display | more...

An adventure game designed by Roberta Williams for Sierra Online. Published in 1989 for DOS systems. Unofficially know as ”Laura Bow 1”, this is the first of the two games in the short-lived Laura Bow Mysteries series.

The plot runs like a pastiche of so many Agatha Christie’s murder mystery novels and the board game Clue. The player is Laura Bow, a college student in the 1920s. One weekend, her friend Lillian asks her to join a ”family reunion” at his uncle’s manor. As this is a murder mystery, the old Colonel’s dying, and wants to leave his legacy to those present. Those still alive after the night, that is…

The story walks the line between a tribute to campy mysteries and a gentle parody of the same. All the flaky characters are of familiar stock, with ditzy old ladies, creepy doctors and dashing young actors in their usual roles. Still, all the characters have personal backstories and connections to the others, making them possibly the best developed Roberta Williams characters ever. Even the Manor itself has a hidden tale for the player to discover.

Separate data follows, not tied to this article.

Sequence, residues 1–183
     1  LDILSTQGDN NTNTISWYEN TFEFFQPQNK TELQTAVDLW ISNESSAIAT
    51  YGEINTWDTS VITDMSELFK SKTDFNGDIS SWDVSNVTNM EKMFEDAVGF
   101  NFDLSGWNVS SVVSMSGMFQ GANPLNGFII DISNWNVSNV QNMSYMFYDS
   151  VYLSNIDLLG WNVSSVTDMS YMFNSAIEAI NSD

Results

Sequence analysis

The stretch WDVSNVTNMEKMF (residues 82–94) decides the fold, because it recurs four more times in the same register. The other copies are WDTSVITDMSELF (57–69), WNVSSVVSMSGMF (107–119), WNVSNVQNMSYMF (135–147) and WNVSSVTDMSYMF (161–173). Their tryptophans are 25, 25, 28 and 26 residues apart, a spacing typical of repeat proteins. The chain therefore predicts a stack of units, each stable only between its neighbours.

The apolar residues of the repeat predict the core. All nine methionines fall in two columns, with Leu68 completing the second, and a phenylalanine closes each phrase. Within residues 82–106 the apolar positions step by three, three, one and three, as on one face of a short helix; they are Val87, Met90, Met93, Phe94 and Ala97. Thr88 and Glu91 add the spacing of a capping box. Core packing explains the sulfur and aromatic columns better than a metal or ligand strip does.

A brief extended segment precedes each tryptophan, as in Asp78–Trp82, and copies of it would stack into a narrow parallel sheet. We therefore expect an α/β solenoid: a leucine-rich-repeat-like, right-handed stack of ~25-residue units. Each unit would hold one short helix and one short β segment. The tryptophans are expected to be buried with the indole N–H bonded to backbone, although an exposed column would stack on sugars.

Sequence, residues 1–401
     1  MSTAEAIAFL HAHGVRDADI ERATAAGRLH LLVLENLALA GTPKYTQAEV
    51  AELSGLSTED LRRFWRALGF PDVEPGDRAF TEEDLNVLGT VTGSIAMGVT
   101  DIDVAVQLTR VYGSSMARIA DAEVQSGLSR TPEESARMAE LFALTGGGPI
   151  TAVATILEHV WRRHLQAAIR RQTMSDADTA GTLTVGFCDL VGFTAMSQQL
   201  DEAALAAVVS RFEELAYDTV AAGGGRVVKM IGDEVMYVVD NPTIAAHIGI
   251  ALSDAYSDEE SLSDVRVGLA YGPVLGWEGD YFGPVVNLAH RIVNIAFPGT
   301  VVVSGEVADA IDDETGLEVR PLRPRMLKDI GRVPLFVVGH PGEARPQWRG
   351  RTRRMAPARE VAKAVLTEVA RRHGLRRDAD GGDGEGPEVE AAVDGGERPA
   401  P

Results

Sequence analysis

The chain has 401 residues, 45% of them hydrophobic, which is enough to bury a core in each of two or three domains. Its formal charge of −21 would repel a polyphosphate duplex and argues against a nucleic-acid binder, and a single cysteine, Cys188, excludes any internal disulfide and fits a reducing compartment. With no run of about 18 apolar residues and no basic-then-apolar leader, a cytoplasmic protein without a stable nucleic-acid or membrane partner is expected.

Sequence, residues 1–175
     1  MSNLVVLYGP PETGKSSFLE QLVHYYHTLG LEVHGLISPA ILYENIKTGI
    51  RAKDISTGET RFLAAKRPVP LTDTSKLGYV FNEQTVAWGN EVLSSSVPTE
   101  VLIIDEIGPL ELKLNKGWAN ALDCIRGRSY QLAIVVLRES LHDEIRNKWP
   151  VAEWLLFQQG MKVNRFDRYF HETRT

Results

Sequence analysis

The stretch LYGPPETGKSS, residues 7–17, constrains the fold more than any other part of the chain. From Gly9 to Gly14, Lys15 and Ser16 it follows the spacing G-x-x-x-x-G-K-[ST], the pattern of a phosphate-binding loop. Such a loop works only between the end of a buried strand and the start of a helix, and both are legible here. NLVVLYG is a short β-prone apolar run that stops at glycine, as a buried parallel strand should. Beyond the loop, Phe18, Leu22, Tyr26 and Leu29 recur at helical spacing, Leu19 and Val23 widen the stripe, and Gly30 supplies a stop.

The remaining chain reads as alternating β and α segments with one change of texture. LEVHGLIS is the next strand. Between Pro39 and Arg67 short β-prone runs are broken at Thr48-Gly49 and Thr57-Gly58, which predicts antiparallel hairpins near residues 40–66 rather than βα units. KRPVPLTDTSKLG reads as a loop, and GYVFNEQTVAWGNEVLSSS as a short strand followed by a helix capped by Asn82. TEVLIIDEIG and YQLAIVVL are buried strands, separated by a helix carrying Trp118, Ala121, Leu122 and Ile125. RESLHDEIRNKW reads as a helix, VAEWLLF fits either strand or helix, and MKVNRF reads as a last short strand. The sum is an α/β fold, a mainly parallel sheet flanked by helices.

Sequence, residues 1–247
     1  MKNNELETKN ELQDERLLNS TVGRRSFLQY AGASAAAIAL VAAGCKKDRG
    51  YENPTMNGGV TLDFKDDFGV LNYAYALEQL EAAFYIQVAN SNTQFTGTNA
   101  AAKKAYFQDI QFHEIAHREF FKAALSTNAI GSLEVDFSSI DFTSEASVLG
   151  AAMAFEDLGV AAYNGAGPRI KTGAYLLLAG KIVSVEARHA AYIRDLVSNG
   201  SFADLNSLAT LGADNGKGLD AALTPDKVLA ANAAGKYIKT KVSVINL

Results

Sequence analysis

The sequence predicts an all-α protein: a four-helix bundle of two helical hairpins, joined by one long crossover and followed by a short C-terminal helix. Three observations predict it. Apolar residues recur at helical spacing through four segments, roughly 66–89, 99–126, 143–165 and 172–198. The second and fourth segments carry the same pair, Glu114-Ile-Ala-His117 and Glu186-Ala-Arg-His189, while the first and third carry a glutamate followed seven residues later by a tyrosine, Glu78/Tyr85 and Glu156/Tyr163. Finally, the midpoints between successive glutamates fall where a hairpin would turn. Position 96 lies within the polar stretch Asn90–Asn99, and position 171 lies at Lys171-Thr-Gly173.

The game runs on a time system like the one in Cruise for a Corpse. There are eight acts, each lasting an hour in game time. Whenever the player discovers something important, time advances by fifteen minutes. The plot progresses from act to act, and many puzzles can only be completed at a specific time. This makes for a refreshing change from typical adventures with static worlds and characters that never leave their spot.

Since it’s easy to get ahead by just bumbling around, it might seem that there’s nothing much to do in the game. In reality, there’s a staggering amount of puzzles and plot to be discovered through detective work and ingenuity. The Colonel’s Bequest has a great amount of freedom; the more effort you take, the more you can get out of it.

Unfortunately, there’s also a downside. Since this is a Sierra game, after all, you can die all too easily for taking a false step. A bigger problem, however, is the lack of a reward. Despite how many clues you might find and jot down, there’s no way to truly affect the ending. You get, at most, a choice between an ambiguously happy and an ambiguously sad one. An opportunity to actually catch the murderer, and possibly some kind of quiz to see if your conclusions were correct, would have improved the ending greatly.

In summary, a game with some great innovations which I’d like to see used more in adventure games, but disappointing writing and design towards the end.

Log in or register to write something here or to contact authors.